I understand it’s not realistic to expect Congress to immediately ramp up the pace of major reforms and policy proposals. However, you set your sights where you want to be, then you work to get there. Agility and adaptability are what corporations are demanding of themselves nowadays. Why should we imagine gridlock is normal? It isn’t.
Three months seems perfectly reasonable to me for a group of politicians to fully wrap their hands and heads around a complex system or issue and propose legislation that effects change. Don’t forget, they don’t have to go sequentially, issue by issue. They can have parallel groups each progressing through study phases and legislation phases at the same time.
Think of major reforms and policy proposals as the product of a government factory. Think of a pipelining approach to production. Different groups work each product. Multiple products are in work at the same time, and one comes to completion every 3 months, even though each product itself takes a year or two to go through the pipeline. This is in fact already how Congress works, which is why 3 months per major achievement isn’t unreasonable, and one major achievement over 8 years is nothing less than a work stoppage.
If politicians would hear the people — “Compromise and make more progress faster, or we’re abolishing our form of government. You’ve been warned.” — and they would accept that this message is coming both from the Trumpists and the progressive left (and, in fact, it is…that was the main idea of my article), then I think the pressure this creates for politicians is a good, constructive kind of pressure.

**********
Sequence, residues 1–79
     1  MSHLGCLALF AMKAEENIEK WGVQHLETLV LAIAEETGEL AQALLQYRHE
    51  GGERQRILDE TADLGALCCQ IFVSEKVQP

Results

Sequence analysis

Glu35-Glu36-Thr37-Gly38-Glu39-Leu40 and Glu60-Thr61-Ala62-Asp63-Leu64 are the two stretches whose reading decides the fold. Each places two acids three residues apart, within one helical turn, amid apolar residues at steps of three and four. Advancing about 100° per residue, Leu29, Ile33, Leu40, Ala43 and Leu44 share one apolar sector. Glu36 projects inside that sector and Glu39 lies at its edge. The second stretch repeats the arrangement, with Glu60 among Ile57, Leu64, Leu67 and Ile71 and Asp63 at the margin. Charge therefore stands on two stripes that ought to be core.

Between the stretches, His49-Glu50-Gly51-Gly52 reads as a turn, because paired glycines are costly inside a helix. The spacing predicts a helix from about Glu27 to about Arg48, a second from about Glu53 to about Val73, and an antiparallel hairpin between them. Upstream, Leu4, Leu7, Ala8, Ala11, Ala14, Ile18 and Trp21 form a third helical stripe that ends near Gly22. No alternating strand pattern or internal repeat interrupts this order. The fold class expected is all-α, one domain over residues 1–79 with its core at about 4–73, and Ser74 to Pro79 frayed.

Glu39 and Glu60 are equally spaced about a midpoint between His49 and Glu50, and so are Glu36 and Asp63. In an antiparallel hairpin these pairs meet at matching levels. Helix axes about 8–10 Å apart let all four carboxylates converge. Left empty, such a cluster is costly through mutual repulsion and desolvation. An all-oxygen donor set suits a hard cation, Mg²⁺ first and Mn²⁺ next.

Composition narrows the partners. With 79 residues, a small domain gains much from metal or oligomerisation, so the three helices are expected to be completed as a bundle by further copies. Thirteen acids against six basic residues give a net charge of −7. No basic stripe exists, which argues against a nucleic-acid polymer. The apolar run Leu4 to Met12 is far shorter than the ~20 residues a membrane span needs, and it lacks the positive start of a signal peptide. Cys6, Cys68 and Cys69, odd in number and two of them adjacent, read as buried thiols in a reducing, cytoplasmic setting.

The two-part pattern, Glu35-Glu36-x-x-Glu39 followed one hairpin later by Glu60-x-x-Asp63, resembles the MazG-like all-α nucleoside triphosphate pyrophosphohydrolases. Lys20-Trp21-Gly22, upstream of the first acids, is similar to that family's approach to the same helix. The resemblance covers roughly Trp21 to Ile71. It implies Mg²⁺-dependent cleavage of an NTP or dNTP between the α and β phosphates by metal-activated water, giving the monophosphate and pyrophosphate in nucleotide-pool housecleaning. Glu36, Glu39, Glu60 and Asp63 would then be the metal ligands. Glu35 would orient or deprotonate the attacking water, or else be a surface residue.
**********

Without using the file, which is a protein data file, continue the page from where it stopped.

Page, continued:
Back in the 2010s, the Democratic party thought that Mitch McConnell’s stonewalling and gridlock, over Obama’s tenure, would backfire on them. They know most Americans want bold changes, now, and lots of them. But the Republican strategy didn’t backfire. Most Americans didn’t blame Republicans for refusing to let major reforms and policy proposals pass. They mostly blamed the Democrats instead. (I guess that shows the dominance of conservative media. But it doesn’t matter why it happened.) Biden needs to see that bold leadership and lots of proposals is the way to go now. Trump’s voters didn’t punish Republicans for stonewalling Obama; they blamed Obama. They actually voted in even greater numbers for change in 2016 and again in 2020. But instead of empty Democratic promises, they said “Rather have a dictator. At least something will get done.” Biden needs to understand this point of view if he wants to succeed.